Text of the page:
Tuesday, July 19, 2011

Starting As I Mean To Go On

Yesterday was a good day. Or should I say Goode day? We left early to go to Barton Grange where my intention was to buy some bulk packs of chicken breasts and minced beef that are always excellent quality and extremely good value for the money. Just managed to get there in time to grab the last mobility scooter, so was able to scoot round the whole complex at my leisure, starting with the 'Cook's Hall' before moving onto the garden centre. Managed to prevent myself buying things I didn't really need (but wanted), just one pack of jam-pot labels and a small white jug (not having one of that size, and prefer not to serve cream to guests in my half-pint Pyrex jug - which is too large anyway). It can also double as a small custard or sauce jug.
Oh yes, just remembered, did buy two packs of small foil containers (with lids) to use for freezing individual portions. To make the containers last longer and also keep clean (always line these first with 'layering tissue' (or even put a small freezer bag inside), so that they can be filled, frozen and then the contents lifted out 'ready-wrapped' to store in a bag with others of the same kind. Always including a card with the name or I would never remember what they were. This way no need to thaw contents before the foil container can be used again. It's ready for use the minute the (wrapped) contents are frozen.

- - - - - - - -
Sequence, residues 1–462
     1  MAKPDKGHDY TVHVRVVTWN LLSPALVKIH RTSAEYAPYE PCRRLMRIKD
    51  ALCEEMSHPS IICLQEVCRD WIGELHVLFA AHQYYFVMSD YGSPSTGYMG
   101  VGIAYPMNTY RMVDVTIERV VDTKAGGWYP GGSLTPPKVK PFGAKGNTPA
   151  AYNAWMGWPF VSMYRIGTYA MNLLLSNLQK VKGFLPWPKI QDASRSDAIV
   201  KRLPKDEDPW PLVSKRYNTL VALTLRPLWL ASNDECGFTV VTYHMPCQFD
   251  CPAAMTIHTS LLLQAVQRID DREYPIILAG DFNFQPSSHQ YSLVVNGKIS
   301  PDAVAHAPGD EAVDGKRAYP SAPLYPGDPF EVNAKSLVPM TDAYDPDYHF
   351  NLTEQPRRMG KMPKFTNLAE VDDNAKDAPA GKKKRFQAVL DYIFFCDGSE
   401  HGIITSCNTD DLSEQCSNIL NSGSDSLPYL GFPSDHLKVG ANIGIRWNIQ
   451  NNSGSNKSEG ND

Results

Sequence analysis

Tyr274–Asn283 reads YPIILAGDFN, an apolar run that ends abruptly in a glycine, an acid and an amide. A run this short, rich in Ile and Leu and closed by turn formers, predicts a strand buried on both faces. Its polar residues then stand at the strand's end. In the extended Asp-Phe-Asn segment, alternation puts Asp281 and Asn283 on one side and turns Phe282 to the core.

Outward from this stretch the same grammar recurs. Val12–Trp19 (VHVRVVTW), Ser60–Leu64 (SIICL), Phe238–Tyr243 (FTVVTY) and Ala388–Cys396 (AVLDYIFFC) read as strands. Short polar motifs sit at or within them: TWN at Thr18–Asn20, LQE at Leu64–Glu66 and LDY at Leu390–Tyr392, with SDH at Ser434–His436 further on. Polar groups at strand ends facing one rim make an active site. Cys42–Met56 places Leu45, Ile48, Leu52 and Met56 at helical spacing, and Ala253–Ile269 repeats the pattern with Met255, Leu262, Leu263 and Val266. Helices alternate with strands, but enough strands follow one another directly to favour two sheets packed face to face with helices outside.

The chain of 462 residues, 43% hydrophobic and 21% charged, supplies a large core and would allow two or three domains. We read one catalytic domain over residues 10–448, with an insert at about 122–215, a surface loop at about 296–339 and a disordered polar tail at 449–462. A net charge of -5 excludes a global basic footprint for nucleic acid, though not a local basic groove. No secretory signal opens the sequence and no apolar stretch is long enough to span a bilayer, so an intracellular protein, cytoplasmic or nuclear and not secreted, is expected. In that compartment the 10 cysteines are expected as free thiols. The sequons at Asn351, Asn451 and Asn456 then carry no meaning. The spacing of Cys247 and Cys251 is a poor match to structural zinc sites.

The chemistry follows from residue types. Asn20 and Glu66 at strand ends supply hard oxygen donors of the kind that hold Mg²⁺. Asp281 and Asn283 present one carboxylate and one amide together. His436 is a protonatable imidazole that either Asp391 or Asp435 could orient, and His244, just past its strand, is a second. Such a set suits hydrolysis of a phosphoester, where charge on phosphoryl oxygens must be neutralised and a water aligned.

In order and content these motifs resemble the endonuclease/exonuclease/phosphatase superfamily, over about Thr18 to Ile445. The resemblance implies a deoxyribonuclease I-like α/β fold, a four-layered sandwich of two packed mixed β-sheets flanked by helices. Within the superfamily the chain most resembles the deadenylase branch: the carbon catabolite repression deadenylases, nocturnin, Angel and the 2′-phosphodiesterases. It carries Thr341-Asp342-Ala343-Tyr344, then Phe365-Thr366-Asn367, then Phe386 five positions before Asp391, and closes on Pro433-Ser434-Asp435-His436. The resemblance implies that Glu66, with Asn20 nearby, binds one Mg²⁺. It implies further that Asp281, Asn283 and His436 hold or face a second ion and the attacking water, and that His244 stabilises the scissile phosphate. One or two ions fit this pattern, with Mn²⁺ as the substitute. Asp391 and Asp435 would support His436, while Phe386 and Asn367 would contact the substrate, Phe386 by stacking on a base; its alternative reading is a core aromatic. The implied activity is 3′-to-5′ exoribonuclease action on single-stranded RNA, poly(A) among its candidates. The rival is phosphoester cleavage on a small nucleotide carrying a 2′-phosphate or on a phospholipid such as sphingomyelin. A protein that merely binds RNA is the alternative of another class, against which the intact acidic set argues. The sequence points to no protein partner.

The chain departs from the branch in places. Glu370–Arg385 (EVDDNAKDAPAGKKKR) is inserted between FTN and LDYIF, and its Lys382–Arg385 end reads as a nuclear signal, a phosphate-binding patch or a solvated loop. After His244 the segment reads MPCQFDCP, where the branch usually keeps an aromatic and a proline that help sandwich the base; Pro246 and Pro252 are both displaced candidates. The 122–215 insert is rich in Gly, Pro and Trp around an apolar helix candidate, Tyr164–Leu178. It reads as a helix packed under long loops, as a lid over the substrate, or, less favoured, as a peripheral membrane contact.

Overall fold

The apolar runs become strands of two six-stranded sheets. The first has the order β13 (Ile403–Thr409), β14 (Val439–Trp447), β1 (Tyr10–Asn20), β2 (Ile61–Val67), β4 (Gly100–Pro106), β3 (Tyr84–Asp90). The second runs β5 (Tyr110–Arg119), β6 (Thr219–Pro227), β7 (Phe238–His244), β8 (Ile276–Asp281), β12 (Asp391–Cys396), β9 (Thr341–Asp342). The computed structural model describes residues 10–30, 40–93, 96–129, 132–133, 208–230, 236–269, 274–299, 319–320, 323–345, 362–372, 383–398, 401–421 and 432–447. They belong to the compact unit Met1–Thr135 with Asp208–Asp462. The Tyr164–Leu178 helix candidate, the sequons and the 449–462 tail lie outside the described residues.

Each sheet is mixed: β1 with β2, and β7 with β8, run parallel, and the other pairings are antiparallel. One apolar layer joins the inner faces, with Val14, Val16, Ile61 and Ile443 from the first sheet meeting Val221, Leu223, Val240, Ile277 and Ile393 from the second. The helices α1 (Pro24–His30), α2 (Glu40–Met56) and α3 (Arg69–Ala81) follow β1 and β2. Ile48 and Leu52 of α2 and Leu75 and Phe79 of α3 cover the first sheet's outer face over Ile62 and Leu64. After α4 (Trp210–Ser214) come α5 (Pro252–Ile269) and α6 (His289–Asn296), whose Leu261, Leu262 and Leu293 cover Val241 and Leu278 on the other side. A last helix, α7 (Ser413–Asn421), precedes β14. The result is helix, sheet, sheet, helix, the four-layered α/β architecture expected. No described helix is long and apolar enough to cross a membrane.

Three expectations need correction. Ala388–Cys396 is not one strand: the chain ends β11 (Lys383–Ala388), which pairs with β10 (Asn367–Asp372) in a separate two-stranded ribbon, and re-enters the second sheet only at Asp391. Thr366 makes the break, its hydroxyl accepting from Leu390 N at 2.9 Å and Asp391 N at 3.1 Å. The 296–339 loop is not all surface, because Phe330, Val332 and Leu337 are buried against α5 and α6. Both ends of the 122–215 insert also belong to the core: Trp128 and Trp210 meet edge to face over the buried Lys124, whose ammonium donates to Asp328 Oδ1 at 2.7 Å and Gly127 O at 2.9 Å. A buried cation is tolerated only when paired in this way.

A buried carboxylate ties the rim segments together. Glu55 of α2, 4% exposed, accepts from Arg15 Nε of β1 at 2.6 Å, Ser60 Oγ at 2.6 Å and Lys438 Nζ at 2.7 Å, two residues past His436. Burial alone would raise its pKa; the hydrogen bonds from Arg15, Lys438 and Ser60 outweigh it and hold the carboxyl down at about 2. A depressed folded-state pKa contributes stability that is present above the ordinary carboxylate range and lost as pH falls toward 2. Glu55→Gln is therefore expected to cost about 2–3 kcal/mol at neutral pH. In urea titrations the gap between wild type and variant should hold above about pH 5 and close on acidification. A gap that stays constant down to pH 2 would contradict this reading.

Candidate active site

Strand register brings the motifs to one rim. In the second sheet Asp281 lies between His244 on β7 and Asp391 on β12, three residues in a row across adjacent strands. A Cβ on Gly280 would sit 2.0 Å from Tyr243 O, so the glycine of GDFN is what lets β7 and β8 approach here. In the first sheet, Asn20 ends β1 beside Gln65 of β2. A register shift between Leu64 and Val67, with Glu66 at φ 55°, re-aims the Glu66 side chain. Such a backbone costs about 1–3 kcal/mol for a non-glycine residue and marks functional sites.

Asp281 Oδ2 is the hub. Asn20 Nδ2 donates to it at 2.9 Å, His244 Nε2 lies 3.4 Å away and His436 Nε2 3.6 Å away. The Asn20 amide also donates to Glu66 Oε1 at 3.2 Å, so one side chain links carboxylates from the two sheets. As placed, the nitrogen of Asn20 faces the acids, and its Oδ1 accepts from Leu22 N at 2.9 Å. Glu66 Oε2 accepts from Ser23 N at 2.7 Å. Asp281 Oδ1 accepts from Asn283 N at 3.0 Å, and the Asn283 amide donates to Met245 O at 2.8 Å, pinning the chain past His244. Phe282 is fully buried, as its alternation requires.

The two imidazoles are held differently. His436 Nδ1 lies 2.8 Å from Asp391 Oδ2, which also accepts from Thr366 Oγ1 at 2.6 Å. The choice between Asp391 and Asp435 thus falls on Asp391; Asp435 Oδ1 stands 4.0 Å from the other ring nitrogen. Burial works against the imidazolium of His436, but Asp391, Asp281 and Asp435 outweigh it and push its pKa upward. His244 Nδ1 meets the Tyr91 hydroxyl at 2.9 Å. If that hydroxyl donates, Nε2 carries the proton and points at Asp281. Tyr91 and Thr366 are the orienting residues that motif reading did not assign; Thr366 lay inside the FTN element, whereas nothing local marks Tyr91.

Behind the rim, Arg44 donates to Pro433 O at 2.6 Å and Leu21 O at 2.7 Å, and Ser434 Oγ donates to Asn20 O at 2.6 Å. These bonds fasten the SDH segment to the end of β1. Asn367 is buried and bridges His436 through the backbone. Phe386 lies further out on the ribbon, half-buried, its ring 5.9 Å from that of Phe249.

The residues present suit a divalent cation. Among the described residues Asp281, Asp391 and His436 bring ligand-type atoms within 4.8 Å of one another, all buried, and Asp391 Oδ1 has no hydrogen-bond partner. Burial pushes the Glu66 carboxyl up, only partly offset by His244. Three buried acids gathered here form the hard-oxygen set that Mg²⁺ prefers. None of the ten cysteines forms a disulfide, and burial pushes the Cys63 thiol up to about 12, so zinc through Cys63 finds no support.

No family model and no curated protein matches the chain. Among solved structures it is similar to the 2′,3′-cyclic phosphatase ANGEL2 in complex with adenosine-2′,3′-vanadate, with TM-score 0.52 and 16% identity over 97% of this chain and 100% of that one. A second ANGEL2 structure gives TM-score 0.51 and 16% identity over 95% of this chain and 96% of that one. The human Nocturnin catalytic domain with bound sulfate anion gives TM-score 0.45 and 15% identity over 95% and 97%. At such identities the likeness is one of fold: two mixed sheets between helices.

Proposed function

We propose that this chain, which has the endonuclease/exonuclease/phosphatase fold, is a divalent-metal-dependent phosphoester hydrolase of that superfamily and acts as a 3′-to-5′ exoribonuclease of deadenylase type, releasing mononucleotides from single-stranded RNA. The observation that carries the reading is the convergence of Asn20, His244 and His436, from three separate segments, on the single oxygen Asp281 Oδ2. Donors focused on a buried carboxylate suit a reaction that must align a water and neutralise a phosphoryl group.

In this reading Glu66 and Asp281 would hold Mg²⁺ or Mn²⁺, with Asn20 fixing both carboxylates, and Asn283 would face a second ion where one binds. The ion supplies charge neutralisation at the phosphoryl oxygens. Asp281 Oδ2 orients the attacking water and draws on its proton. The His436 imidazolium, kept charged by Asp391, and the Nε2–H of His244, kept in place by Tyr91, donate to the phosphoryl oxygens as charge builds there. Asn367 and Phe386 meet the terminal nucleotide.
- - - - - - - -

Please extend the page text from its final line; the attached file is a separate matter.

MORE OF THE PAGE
In the garden centre I DID buy a few packets of seeds. Coriander, mange-tout, and French beans. All still able to be sown this year (just). Plus a pack each of red and yellow tomato seeds that can be grown in baskets or smallish pots next year. With the remaining vegetable and herbs seeds I already have (left over, and some not yet used) that's next year's crop already sorted. Now we have the green house, will be able to start many seeds off in earlier than was able to do this year. Almost wish next February was here and I could get started sowing today. Will have to settle for the ones that can still be sown.
Also did buy a strong sage plant as this is one 'basic' herb that I still don't have. Am settling now to keeping the perennial rosemary (large bush already in the garden), two large pots of mint (die off in the winter, but grow again), the new sage bush, plus growing two types of parsley (crinkly and flat-leaf), coriander, basil (several types) and chives from seed. Do have a small thyme and a small marjoram that nearly die because of white-fly but they seem to have recovered. Will re-pot and keep an eye on them. And - of course - we mustn't forget the Bay Tree!

It occurred to me yesterday that the southfacing side of our house has a very wide path down the side. Despite a highish fence between us and next door, the house side gets all day sun from morning to evening, and so why not place another greenhouse down there? We hardly EVER use that path unless B wishes to take the lawn mower through to the front garden, and as long as there is room to pass, why not use the space?

We had an early lunch at Barton (soup and a roll), then continued into their Farm Foods department. So much I would loved to have bought (but managed to control myself). Did notice their Iceberg lettuce was a lot cheaper than Tesco's, so bought a really good solid one, also cheaper strawberries and shallots, so bought some (and on my return home deleted them from my Tesco order).